Baude, however, shows that the dominant view at the time of the Founding and throughout most of the nineteenth century was that the Clause did not authorize the use of eminent domain, because it was seen as giving Congress only authority “incidental” to enumerated powers, not “great and independent” powers that amount to major separate grants of authority. This theory was partially elaborated by Chief Justice John Marshall in McCulloch v. Maryland, where he noted that the Clause does not authorize the exercise of “great substantive and independent power[s].” It was also famously adopted by Chief Justice John Roberts in his decisive opinion in NFIB v. Sebelius, where he ruled that the individual health insurance mandate was not “proper” because the power to impose mandates is a great and independent power, not an incidental one. As several of the Founding Fathers pointed out, if the Clause authorized any powers that might be “useful” or “convenient” tools for implementing other powers, then much of Article I would become superfluous. For example, there would be no need for a separate power to levy taxes, since taxation is clearly a useful means of raising revenue needed to implement the enumerated power to raise armies.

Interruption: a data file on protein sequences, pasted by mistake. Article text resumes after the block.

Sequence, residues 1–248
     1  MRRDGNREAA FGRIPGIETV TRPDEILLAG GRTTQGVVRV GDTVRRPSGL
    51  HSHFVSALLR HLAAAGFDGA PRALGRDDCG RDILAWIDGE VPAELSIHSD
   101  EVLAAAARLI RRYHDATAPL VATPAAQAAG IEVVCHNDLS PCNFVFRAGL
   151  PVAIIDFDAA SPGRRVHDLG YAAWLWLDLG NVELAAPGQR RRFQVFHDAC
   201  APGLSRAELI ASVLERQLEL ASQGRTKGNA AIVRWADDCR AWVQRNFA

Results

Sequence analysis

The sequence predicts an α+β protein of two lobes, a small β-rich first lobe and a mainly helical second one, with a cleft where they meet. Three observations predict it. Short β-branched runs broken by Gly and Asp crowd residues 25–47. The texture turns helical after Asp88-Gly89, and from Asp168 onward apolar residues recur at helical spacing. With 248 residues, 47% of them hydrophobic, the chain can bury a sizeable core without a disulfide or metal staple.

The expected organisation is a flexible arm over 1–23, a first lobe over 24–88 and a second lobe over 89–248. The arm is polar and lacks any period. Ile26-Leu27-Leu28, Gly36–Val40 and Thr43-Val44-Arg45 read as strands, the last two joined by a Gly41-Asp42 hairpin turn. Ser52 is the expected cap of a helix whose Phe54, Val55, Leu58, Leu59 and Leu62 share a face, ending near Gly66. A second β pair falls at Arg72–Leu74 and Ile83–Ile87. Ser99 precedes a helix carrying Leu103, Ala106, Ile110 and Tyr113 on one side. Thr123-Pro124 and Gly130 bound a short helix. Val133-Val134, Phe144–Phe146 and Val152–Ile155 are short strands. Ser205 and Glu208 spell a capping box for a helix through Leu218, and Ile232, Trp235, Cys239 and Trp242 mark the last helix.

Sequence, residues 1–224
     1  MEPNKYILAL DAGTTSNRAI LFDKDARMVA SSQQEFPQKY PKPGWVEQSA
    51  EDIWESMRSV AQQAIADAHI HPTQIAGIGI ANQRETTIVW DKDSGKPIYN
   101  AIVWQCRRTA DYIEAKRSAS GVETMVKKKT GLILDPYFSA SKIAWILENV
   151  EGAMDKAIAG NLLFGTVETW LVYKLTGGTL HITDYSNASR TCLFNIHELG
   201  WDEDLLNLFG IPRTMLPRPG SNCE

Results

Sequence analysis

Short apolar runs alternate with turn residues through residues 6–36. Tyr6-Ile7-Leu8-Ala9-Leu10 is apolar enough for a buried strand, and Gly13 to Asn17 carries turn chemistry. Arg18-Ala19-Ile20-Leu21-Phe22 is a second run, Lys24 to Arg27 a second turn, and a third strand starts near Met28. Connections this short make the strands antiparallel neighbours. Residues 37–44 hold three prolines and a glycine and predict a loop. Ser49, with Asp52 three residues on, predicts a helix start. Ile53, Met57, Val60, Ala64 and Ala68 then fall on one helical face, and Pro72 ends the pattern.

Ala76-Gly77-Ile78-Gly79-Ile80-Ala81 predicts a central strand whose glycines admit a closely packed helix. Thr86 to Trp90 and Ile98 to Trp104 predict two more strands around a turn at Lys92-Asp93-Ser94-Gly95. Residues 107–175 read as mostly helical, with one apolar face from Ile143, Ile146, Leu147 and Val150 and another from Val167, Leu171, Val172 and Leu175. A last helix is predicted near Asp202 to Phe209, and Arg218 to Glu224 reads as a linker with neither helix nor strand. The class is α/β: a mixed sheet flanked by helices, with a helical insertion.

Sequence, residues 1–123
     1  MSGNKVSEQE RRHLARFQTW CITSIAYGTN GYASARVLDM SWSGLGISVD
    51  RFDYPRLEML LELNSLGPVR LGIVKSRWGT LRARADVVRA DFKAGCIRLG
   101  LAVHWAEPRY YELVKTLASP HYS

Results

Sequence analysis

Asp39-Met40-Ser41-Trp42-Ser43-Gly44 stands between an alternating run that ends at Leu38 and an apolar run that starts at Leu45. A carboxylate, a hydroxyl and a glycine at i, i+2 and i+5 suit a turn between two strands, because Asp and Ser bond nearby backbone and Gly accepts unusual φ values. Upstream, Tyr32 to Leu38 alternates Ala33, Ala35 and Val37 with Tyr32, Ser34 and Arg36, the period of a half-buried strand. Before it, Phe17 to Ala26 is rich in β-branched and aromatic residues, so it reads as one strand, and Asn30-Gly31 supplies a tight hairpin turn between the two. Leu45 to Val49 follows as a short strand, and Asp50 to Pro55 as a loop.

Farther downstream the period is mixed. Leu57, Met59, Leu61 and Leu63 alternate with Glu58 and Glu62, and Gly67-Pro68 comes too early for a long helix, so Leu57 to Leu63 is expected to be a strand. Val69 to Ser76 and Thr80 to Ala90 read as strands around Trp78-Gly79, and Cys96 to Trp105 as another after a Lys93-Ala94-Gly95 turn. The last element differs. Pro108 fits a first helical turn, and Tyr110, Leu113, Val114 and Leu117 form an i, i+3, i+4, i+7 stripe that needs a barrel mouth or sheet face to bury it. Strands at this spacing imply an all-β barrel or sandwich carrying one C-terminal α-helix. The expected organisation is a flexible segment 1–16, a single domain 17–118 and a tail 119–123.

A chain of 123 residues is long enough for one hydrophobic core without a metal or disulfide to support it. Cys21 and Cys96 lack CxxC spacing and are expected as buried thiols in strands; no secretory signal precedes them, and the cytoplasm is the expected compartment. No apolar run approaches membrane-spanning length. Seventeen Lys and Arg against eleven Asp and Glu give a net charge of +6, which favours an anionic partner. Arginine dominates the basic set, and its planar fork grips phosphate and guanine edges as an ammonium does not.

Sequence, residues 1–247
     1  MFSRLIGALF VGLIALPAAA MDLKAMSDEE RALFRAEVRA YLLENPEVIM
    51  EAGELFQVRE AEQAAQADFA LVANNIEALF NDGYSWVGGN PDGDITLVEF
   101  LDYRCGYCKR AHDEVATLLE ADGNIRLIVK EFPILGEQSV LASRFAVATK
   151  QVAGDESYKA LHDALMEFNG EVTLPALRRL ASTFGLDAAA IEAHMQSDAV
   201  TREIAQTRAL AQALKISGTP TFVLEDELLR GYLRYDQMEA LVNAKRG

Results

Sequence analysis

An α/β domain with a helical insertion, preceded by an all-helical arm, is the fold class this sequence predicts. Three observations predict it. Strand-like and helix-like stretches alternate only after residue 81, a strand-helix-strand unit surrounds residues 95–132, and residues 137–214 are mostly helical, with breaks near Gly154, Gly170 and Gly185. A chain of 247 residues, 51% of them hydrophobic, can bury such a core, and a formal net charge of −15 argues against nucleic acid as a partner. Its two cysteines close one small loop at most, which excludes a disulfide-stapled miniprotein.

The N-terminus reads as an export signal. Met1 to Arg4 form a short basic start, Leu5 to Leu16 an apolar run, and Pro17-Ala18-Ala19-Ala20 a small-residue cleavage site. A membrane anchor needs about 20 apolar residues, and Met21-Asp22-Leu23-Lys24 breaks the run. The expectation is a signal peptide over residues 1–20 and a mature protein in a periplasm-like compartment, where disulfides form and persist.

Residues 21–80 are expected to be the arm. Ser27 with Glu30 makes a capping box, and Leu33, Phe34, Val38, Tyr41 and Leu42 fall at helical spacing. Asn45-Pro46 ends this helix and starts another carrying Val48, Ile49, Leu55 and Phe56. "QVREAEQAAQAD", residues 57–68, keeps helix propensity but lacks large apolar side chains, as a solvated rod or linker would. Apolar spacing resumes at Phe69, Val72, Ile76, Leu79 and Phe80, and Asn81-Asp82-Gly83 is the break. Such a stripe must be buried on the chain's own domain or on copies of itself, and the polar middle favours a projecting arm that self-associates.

In the first part of his article, Baude shows that the power of eminent domain was regarded as a great and independent power similar to taxation, both by the Founders and by most early nineteenth century scholars and jurists. Given the Founders’ strong commitment to property rights, it is not surprising that what Supreme Court Justice William Patterson in 1795 called “the despotic power” to take property was regarded as more than merely incidental. Multiple unanimous or near-unanimous Supreme Court decisions reached the same conclusion in the 1840s and 1850s. As late as the 1860s, even such advocates of relatively broad federal power as Representative Thaddeus Stevens and Senator Lyman Trumbull raised constitutional objections to legislation that would have allowed the federal government to condemn property for railroads.